Act 2 is for watching what your students do. This is your chance to carefully craft a plan. What strategies did you see? What strategies need to be shared and discussed? What strategies didn’t see and need to be introduced and modelled? For me, gone are the days where I develop a “lesson plan script” that I follow for the first 25 minutes of class. I need to know where they are before proceeding.

Let’s consider the proportion problem Turbo Texting (See the whole lesson here). See the act 2 video below.

Have a look at the student work after showing act 2.

What do you see? What information does this tell you? What would you ask this student?
Does the student know why they divided? Do they know what the 0.1125 means? Can they interpret to see who is faster? How can you use this to help craft your instruction when you bring the class back together?

Then when you see this answer, it’s clear that they knew how to interpret their calculation, but also informs you that you’ll need make sure both of these solutions are shared to the class. A great class discussion can occur here on how each solution shows who is faster and why we would want to find each rate.
Without allowing your students try their own strategy here in Act 2 it is most likely that both of these calculations would never have popped out. It’s allowing your students to show what they know that allowed for this discussion to happen.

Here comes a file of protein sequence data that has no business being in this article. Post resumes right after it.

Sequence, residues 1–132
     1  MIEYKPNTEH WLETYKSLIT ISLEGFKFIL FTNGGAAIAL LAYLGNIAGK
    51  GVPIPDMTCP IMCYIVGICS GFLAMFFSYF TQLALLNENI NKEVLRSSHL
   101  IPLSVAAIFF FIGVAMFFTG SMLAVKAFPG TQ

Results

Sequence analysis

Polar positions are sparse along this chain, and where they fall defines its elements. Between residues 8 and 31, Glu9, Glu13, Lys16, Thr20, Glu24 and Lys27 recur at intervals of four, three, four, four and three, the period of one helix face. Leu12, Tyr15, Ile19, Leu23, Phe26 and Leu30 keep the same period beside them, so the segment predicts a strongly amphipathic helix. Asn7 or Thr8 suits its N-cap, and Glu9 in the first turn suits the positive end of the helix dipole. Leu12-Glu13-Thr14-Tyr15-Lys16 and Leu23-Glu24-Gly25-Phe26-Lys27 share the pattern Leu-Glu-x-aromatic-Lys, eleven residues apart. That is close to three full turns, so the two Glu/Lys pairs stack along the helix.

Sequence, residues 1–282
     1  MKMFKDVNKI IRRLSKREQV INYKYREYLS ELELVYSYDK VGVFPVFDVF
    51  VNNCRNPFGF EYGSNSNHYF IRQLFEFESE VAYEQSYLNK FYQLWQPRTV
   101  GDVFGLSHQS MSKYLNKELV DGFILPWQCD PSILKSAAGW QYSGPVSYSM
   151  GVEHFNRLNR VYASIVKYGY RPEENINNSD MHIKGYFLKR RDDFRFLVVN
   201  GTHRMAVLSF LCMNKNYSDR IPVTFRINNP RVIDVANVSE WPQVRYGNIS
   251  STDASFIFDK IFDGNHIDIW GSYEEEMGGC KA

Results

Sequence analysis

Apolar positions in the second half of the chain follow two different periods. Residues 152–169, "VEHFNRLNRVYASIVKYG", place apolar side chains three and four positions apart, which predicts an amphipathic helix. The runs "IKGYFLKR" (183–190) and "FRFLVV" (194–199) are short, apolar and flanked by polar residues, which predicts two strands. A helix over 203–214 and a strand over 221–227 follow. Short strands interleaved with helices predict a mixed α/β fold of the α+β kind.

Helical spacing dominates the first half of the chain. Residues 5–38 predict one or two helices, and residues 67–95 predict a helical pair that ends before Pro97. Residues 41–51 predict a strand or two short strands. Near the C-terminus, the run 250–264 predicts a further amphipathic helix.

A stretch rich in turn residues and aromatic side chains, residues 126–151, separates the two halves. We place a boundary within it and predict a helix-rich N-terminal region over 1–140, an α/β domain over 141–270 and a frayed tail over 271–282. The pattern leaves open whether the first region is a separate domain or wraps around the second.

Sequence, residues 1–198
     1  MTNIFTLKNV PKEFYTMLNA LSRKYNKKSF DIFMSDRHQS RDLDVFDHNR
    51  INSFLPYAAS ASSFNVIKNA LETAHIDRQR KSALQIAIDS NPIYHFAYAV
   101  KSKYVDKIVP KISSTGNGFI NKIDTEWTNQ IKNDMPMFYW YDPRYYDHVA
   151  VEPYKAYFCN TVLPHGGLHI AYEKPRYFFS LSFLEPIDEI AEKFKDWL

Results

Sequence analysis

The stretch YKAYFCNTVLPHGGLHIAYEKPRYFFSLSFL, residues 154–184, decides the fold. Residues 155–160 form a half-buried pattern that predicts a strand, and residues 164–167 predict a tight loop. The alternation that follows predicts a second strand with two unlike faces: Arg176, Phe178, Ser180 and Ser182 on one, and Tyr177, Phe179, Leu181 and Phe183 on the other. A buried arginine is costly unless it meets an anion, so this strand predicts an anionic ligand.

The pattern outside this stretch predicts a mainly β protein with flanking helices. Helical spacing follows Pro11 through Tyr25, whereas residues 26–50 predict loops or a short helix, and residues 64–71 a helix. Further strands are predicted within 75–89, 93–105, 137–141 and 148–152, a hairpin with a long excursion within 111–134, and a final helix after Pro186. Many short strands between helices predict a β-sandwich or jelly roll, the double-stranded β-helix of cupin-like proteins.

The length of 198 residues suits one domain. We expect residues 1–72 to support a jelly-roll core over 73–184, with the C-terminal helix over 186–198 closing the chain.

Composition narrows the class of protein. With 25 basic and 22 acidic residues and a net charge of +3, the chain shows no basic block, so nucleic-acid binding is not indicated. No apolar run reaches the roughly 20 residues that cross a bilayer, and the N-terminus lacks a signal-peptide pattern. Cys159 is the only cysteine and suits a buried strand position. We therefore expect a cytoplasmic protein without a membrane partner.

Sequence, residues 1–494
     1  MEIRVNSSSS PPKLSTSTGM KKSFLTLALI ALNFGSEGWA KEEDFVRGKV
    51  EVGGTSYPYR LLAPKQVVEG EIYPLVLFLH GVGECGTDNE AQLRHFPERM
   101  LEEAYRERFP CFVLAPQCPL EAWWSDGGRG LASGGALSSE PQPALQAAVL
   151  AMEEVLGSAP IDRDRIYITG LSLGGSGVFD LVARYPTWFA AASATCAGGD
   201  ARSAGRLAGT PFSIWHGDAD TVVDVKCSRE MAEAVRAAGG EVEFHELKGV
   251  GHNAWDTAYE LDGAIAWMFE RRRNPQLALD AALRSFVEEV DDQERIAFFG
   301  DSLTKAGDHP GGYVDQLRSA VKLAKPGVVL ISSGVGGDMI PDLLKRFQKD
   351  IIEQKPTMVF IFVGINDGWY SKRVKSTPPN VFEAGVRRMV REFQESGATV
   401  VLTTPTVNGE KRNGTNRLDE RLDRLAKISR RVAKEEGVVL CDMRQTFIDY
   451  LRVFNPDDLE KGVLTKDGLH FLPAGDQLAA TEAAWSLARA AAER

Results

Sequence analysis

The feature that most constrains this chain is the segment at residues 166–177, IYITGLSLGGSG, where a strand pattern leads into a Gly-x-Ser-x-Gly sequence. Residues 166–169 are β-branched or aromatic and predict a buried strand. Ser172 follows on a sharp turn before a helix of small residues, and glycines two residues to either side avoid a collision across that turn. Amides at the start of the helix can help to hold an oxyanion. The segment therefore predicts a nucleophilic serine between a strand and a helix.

Or take this example from the popcorn pandemonium task (read here first). View Act 2 here:

and a student’s thinking,

and another,

If the learning goal is to “Connect various representations of a linear relation” then seeing this strategy from our students allows us to take what they know and connect it to something new! We should build on their understanding not dismiss or overrule it. This can be powerful in their learning process. But without seeing their thinking first you wouldn’t know exactly what to build onto. To help our students the most we should be continually assessing where they are and where they need to be then design our instruction to make that happen. 3 Act tasks are amazing structures to assist you in this journey, they’re not just videos to engage your students……they’re so much more than that. Go ahead…… plan with precision.

Further Reading.


Assessment in MFM1P – Update

Here’s a short update on my grade 9 applied course. I’ll try to explain this as clearly as I can…bare with me.

An integral part has been our weekly mastery days. I’ve written about those days along with the tools that make them possible here. These days have been so important to our learning and we will definitely be doing them again next semester.